Smiling feels really good. Laughter feels even better. I think you’d have a hard time finding anyone who disagrees – except, perhaps, the misanthropic person who left the gratuitously vitriolic comment last week. But he probably just needs a hug.
So we all agree that smiling and laughter are good, and yet, music connoisseurs tend to be unreasonably wary of humor in music. Whenever a song or a musician is deemed funny, he or she is almost immediately taken down an artistic tier. We’re happy to laugh, but we’re not sure we can call it music. After all, music is supposed to be serious, isn’t it?
Last night, I was hanging out with a friend of mine. He’s not only extremely knowledgeable about music, but also has a well-developed sense of personal taste. Imagine my surprise when my friend said that Magic Cyclops isn’t a real musician. For those who might not be aware, Cyclops is a hilarious performance artist whose songs and musical persona simultaneously lampoon and revere rock-n-roll clichés. He pretends to be from Iowa. He pretends to have a British accent. He performs with a backdrop that looks like a public access weather map. He performs songs with names like, “Teen Pregnancy – Don’t Do It” and “Wrath of (Chaka) Khan.”
See? Made you smirk, at least, didn’t it? Well, my buddy’s thesis was that Cyclops is a comedian and karaoke performer (he usually performs with just a microphone and backing tracks from his laptop – and has also hosted karaoke nights for many years), but that he isn’t a musical act. Now, my friend is entitled to his opinion, but I found this suspicious. Why should the fact that something’s funny make it less “musical?” What about Johnny Cash’s version of Shel Silverstein’s “A Boy Named Sue?” What about Weezer’s “Sweater Song?” What about the entire catalog of Loudon Wainwright III?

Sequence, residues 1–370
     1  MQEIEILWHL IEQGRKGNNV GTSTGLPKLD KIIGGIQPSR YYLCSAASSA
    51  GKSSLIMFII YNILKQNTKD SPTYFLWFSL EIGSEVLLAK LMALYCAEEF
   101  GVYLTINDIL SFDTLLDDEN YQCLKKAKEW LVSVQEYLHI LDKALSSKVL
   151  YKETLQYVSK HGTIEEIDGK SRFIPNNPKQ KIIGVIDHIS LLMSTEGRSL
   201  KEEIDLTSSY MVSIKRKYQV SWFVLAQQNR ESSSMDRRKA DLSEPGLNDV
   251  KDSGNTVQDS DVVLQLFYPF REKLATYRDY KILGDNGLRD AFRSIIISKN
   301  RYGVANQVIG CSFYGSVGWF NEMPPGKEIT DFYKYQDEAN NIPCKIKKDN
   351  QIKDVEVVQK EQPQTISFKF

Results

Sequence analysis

We Believe Local Journalism is Critical to the Life of a City
Engaging with our readers is essential to Westword's mission. Make a financial contribution or sign up for a newsletter, and help us keep telling Denver's stories with no paywalls.
Support Our Journalism
Oddly enough, this is the same friend who first turned me on to 3OH!3, the overtly humorous and undeniably musical electro-hip-hop act from Boulder. Despite the fact that this duo draws from a diverse musical background, is clearly schooled in generations of rap, and has irresistible beats and flow, 3OH!3 has often been criticized in the hip-hop community for not being “real.” While they certainly have fun with rap and hip-hop tropes and indulge in no small amount of onstage buffoonery, Sean Foreman and Nathaniel Motte are dedicated, passionate and pretty damned funny musicians who simply make the music that they make. And it happens to come out as funny as they are much of the time. When you read the screeds against them on hip-hop boards, it’s almost as if the “heads” are worried that 3OH!3’s humor is somehow being used against them.
Maybe that’s the root of the suspicion of funny music. No one likes to be made fun of, so we don’t want to give humorous music the same merit we give to “serious” music. Or maybe our parochial definitions make us want to separate “comedy” and “music” as separate and distinct art forms. I’m not sure, but I would argue that funny music is still music, and worthy of the same artistic consideration.
In Wim Wenders’ classic 1987 film, Wings of Desire, Peter Falk tries to explain to the angel, Bruno Ganz, the simple joys of smoking cigarettes and drinking coffee. If smoking is laughing and drinking coffee is listening to music, then Falk’s sums it up perfectly for me:
“To smoke and have coffee – and if you do it together, it’s fantastic.” -- Eryc Eyl